App’x 19 (9th Cir. 2008).
This district court reasoned, “[t]here
is no indication that [the 2004 Insurance Letter], or its
contents, was passed as an administrative rule or that [the
defendant’s] ability to act as an insurer in the State of Hawaii
was conditioned on compliance with [the 2004 Insurance Letter]
Even if the [p]laintiff is correct that the
[Hawai`i Pacific Health (“HPH”)] benefit plan
language conferring discretion on [the defendant]
violates Hawaii law, this court cannot strike the
language from the plan. [Haw. Rev. Stat.]
§ 431:13-107 states that “[a]ll remedies,
penalties and proceedings set forth in this
article are to be invoked solely and exclusively
by the commissioner.” In other words, there is no
private cause of action for a violation of [Haw.
Rev. Stat.] § 431:13-102. For the court to apply
the de novo standard of review, the court would
have to declare that the plan language violates
[Haw. Rev. Stat.] § 431:13-102. Had the
[p]laintiff brought a declaratory judgment action
to achieve this result, the [p]laintiff’s
complaint would have been dismissed pursuant to
the plain language [Haw. Rev. Stat.] § 431:13-107.
The court sees no reason to allow the [p]laintiff
to circumvent [Haw. Rev. Stat.] § 431:13-107
through an appeal from [the defendant’s] denial of
benefits. . . . Although the Insurance
Commissioner appears to believe that [the
defendant’s] conduct was unfair and deceptive,
neither the [2004 Insurance Letter] nor [Haw. Rev.
Stat.] § 431:13-102 allows the Plaintiff to
invalidate the unlawful policy language. The
abuse of discretion standard applies.
Id. (some alterations in Daic) (footnote omitted).21
argument regarding the lawfulness of discretionary clauses must
Because the Plan properly delegates discretionary
In Hawai`i Management Alliance Ass’n v. Schmidt, decided
the same year as Daic, this district court also considered the
2004 Insurance Letter, and noted that,
[the plaintiff] alleges that [the 2004 Insurance
Letter] is an invalid rule since it was not
properly processed under the [Hawai`i
Administrative Procedure Act]. The [defendant,
the Insurance Commissioner for the State of
Hawai`i (“Commissioner”)], on the other hand,
maintains that [the 2004 Insurance Letter] is
merely an expansion of the Commissioner’s opinion
as to the proper interpretation of [Haw. Rev.
Stat.] § 431:13-102. Thus, both parties
effectively agree that [the 2004 Insurance Letter]
is simply an opinion and has no force of law.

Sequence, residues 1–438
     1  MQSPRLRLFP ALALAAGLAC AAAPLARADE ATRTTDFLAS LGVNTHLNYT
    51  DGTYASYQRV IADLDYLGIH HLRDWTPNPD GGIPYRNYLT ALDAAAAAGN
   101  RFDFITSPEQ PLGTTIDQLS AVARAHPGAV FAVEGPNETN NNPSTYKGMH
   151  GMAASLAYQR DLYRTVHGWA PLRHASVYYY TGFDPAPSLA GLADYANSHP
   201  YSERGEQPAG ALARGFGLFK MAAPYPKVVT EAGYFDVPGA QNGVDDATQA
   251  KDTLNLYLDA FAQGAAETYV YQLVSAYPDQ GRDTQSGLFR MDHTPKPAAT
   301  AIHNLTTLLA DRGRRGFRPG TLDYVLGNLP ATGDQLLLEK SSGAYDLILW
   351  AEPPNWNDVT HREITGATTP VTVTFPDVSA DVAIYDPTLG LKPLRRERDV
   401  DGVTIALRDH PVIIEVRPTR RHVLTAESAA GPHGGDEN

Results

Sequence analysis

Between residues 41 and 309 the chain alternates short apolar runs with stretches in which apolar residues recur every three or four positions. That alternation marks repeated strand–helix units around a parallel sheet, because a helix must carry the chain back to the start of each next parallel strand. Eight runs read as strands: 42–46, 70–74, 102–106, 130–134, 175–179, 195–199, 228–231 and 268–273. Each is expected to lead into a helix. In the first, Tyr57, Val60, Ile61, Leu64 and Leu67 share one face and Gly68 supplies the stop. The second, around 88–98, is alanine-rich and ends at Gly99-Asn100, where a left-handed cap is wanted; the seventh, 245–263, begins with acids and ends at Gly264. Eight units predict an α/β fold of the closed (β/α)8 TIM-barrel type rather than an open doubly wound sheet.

Civil No. 07-00593 ACK-KSC, 2008 WL 4107988, at *5 (D. Hawai`i
Sept. 5, 2008). In Schmidt, this district court also noted that
the Commissioner had, on two occasions, tried unsuccessfully to
get the Hawai`i state legislature to pass a bill outlawing
discretionary clauses. Id. at *6. This district court concluded
that, “the Commissioner’s unsuccessful efforts to promote antidiscretionary clause bills further shows that [the 2004 Insurance
Letter] does not have the status of binding law.” Id. Given
that Daic and Schmidt were decided almost a decade ago, the Court
finds Plaintiff’s argument regarding the 2004 Insurance Letter
perplexing, to say the least.
Plaintiff appears to argue that her position on
discretionary clauses is not preempted by ERISA, [Mem. in Supp.
of Standard of Review Motion at 12,] while Defendant asserts that
it is [Mem. in Opp. to Standard of Review Motion at 22]. The
instant motion concerns only what level of review the Court
should apply to the review of the administrative record, and the
issue of preemption is not squarely before the court. Further,
this district court has already determined that the 2004
Insurance Letter does not have the force of law. For the purpose
of this Order, the Court does not need to address the parties’
authority to Defendant, and because discretionary clauses are not
barred by Hawai`i law, the Court CONCLUDES that the abuse of
discretion standard applies.
The Standard of Review Motion is
On the basis of the foregoing, Plaintiff Marnie MasudaCleveland’s Motion to Determine Scope of Administrative Record,
filed on August 24, 2016, and Motion to Determine Applicable
Standard of Review, filed on September 9, 2016, are HEREBY
IT IS SO ORDERED.
DATED AT HONOLULU, HAWAII, January 31, 2017.
/s/ Leslie E. Kobayashi
Leslie E. Kobayashi
United States District Judge
MARNIE MASUDA-CLEVELAND VS. LIFE INSURANCE COMPANY OF NORTH
AMERICA; CIVIL 16-00057 LEK-RLP; ORDER DENYING PLAINTIFF’S:
(1) MOTION TO DETERMINE SCOPE OF ADMINISTRATIVE RECORD; AND (2)
MOTION TO DETERMINE APPLICABLE STANDARD OF REVIEW